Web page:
European IPOs boom as bull market runs

uk ipos

Europe is enjoying a boom in companies going public, driven by rising market confidence and pent-up demand for new shares after a five-year drought.

Initial public offerings on exchanges in the U.K., the Netherlands, Denmark and Spain have raised $12.4 billion so far this year, easily surpassing the $9.2 billion raised in the United States, according to data from Dealogic.

The London Stock Exchange has seen a parade of offerings, raising 10 times as much as during the same period last year, according to Thomson Reuters (TRI) data.

Other European exchanges such as Euronext in Paris have also hosted big IPOs, unlike 2013 when new issues were few and far between.

As the bull market in equities continues into its fifth year, and the eurozone crisis fades, companies see this as an ideal time to raise money and investors are happy to snap up new shares.

"There had been a lack of new names and companies over the last five years [in Europe]," said Matt Toole, head of Thomson Reuters' deal intelligence unit. "Investors are looking for those new names to put in their portfolio and companies are lining up to sell shares."

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The IPO rush is also being fueled by private equity firms looking to cash out of their investments.

"The whole [private equity] market is talking about the IPO window," said Ernst & Young's European IPO expert Martin Steinbach. "If you have an exit window, you take the chance."

Attractive valuations in Europe may be playing a part too. London's FTSE 350 index is currently trading at 14 times earnings, compared with 16.5 times for the S&P 500.

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A global IPO boom got underway in late 2013 as investors became increasingly confident in the economic outlook and central banks continued to pump cheap money into markets. Over $40 billion has been raised globally so far this year, twice as much as at the same point in 2013.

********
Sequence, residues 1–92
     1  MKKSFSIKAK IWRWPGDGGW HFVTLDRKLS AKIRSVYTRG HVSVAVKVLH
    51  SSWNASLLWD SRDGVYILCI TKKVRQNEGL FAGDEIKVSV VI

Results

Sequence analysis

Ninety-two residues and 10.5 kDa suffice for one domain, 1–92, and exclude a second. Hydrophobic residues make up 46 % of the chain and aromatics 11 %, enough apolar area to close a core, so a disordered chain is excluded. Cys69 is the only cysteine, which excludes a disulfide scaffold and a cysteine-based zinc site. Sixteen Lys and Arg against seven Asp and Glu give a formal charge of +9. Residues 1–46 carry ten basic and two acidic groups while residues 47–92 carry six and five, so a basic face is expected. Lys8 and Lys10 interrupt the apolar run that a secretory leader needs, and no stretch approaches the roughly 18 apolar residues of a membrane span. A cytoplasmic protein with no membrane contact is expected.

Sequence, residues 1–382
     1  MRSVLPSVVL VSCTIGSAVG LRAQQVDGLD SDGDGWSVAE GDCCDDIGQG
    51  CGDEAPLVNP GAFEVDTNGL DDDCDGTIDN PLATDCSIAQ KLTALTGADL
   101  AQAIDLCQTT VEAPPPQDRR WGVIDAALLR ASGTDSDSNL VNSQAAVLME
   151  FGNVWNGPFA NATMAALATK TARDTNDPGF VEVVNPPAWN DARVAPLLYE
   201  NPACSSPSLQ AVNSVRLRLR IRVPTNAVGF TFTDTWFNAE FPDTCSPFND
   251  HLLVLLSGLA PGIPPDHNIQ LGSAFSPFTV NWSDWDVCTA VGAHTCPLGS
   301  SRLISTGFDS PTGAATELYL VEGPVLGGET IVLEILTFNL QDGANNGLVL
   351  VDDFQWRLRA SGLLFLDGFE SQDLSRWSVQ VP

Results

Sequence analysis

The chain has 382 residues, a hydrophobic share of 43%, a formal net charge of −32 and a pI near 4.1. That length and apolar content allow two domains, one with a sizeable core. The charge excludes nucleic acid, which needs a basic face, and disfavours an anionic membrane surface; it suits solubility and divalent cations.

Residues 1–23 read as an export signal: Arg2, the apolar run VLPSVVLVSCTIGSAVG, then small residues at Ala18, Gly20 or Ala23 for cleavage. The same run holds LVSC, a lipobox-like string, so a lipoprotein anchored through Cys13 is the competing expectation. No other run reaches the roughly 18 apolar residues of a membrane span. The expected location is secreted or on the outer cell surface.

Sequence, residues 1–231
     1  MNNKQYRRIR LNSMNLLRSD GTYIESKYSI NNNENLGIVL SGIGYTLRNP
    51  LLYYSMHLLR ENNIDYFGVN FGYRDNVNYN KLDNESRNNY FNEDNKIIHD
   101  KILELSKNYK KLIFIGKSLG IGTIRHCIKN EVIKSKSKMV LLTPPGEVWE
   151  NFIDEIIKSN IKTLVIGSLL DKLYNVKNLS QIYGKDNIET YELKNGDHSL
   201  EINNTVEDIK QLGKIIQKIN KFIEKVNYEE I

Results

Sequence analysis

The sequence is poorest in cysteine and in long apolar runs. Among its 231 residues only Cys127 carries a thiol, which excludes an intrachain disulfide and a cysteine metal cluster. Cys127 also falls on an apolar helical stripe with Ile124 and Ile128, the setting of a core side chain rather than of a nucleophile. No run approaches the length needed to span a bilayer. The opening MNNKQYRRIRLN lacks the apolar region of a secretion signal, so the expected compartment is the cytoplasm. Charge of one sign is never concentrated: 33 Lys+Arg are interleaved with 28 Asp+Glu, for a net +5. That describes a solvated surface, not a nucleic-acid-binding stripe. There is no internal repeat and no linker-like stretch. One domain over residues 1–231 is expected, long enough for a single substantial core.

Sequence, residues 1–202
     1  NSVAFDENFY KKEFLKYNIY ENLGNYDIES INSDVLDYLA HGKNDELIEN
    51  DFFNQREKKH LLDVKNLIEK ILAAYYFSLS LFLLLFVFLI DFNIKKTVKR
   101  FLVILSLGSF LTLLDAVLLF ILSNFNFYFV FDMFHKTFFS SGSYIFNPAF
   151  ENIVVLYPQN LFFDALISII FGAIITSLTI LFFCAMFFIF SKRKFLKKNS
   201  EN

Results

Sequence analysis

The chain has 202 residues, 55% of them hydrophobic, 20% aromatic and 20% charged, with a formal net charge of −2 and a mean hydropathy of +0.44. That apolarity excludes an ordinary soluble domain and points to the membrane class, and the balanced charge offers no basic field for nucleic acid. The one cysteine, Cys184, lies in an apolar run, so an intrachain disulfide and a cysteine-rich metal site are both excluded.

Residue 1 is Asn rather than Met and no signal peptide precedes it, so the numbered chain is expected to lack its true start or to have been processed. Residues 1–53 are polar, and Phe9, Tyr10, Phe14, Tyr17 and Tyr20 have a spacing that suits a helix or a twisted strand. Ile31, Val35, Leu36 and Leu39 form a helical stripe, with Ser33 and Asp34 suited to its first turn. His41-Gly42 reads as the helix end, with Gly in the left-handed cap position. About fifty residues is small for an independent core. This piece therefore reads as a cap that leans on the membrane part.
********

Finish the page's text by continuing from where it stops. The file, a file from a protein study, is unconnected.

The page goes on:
That trend continues for now as investors expect markets to remain firm, despite geopolitical tensions, slower growth in China and prospects of tighter monetary policy in the U.S. and U.K.

Internet, e-commerce and retail companies are leading the charge in London. U.K.-based online food delivery service Just Eat said this week it planned to issue shares. The firm could be worth as much as $1.5 billion, according to reports.

"There's more risk appetite. Investors are looking for growth, and that's represented through technology [firms]," said Ernst & Young's Steinbach.

Last year's successful Twitter (TWTR) IPO in the U.S. helped boost the pipeline of tech offerings. Dealogic data shows 26 tech firms have raised nearly $6 billion in IPOs around the world this year, with more to come.

Candy Crush maker King goes public next week in New York, and China's Alibaba has said it also plans to list in the U.S.

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There's been a crush of new IPOs from mainland China after Beijing lifted a year-long ban in late 2013. Dealogic data shows 62 Chinese companies have raised roughly $7.3 billion on global exchanges since the start of the year.

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